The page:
A European Shift to the Far-Right

On December 3, 2023, Europe’s right-wing leaders held a rally for the Identity and Democracy (ID) group in Florence. These leaders vowed to change the political dynamic in Brussels following the victory of Geert Wilders’ party in the Netherlands’ November general elections. Wilders’ Party for Freedom, or PVV (Partij voor de Vrijheid), won 37 of the 150 seats in the Second Chamber, an increase from its original 17 seats. At the same time, the radical left lost nearly half of its elected representatives.

Matteo Salvini, leader of Italy’s right-wing Lega Party, and his allies aim to make ID the third-largest group in the European Parliament after the European People’s Party (EPP) and the Socialists & Democrats. “Another Europe without socialists in charge is possible and is needed,” Salvini declares as he claims to witness “a blue wave,” representing the ID’s color.

The PVV campaigned on the promise of rejecting all new asylum claims, banning Islamic headscarves from public buildings, deporting dual-national criminals, and ending the free movement of EU workers. This rise in anti-immigration sentiment has occurred during a time when the European Union has been experiencing an energy and climate crisis exacerbated by the war in Ukraine. Within the Netherlands specifically, the country has been experiencing a housing crisis, with about 390,000 more house seekers than available homes and 86% of Dutch people believing there is indeed a housing crisis.

Ahmed Marcouch, the Moroccan-born mayor of Arnhem, a city in the Gelderland province where more than 20% of voters supported the PVV’s promises, has encountered Geert Wilders himself. Wilders protested Marcouch’s election to Arnhem’s mayoral office, claiming that Marcouch was “more suitable to be the mayor of Rabat” than of Arnhem. This anti-Islam stance has shown its effects, with his son having concerns about being forced to leave the country after learning about the elections at school. According to Marcouch, “‘We need that kind of investment to earn back the trust of voters and make people see that democracy will also work for them. Because our democracy isn’t working for everyone.’”

A couple of hours after the PVV won the most seats in the Netherlands’ general election, Wilders brought up a possible “referendum about the Nexit” should he be able to be the next prime minister. However, actions including exiting the European Union and fully banning the Quran in the country would likely not happen because Wilders needs to negotiate some of his promises if he desires more votes to become the Dutch prime minister.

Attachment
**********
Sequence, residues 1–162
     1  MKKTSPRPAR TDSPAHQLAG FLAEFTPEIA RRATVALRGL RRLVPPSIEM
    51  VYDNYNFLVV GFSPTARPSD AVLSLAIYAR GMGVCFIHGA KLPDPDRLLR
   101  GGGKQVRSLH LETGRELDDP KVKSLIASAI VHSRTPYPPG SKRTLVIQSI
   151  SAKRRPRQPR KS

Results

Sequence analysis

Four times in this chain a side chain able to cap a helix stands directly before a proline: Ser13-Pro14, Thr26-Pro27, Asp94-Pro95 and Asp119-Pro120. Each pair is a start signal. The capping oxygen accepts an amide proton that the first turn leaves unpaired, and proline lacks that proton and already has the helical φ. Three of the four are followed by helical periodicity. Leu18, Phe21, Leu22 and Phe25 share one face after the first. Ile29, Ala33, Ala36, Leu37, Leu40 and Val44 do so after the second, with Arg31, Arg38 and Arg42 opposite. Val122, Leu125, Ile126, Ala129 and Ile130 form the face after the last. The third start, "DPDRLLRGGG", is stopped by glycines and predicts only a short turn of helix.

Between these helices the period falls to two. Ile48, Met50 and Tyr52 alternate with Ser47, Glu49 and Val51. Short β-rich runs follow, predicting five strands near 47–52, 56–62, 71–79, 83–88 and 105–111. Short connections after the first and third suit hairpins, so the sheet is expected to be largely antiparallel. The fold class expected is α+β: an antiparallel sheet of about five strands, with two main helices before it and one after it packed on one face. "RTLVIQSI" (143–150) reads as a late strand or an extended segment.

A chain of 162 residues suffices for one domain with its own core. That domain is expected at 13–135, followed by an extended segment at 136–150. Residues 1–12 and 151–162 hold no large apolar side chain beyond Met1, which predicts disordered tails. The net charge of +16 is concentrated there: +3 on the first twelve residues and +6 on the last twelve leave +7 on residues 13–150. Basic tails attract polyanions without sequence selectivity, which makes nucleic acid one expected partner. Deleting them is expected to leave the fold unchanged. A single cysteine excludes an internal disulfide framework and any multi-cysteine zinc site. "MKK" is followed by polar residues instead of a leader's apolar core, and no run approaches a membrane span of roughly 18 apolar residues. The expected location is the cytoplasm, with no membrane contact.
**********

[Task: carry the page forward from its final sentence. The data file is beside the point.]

Far-Right Trends in Other European Countries

From Hungary to Greece to Poland, many European countries have been experiencing an increase in the popularity of far-right politicians and political parties. This is only a sample of recent far-right developments within European politics:

In Italy, Giorgia Meloni became the first far-right postwar prime minister in Western Europe after the Brothers of Italy won nearly 26% of the vote in Italy’s September 2022 elections. 

In Spain, the nationalist Catholic-conservative party Vox, led by Santiago Abascal, is now the third-largest party in Spain’s national assembly. 

In France, Marine Le Pen scored a record 41.46% in France’s 2022 presidential election, with her National Rally Party winning 89 of the 577 seats in the French parliament. 

In Germany, the Alternative für Deutschland (Afd) in eastern Germany is expected to grow in popularity after elections in the German states of Thuringia, Brandenburg, and Saxony. 

In Austria, the Freedom Party (FPÖ), originally led by a former Nazi official, is one of Europe’s oldest far-right movements and has remained at 28%.

In Finland, the new four-party coalition government is the most rightwing in history. The coalition demands include cutting refugee quotas, making work-based immigration and obtaining Finnish citizenship more difficult, and setting different benefit systems for immigrants and permanent residents.

In Sweden, the Sweden Democrats won 20.5% of the vote in September 2022, the first time the party has been allowed to provide input in a government program. Like many other far-right parties, the Sweden Democrats have also provided proposals to reduce the number of immigrants and people seeking asylum.

Europe is seeing a rise in far-right ideology and elected governments. It’s not just the Netherlands; its general elections show an increasing trend amongst many European governments. The PVV’s surge in popularity and influence in the Dutch government indicates a general movement towards the far-right as more far-right politicians gain support from promises such as cutting immigration.

About the Author

Nathaniel Huang
Hi there! I'm Nathaniel, a senior-year staff writer currently living in 1505 C-Wing. You can probably find me in a quiet corner, listening to various music, watching a Twitch stream, looking at either a map, a painting, or some music compositions, or practicing for Quiz Bowl.

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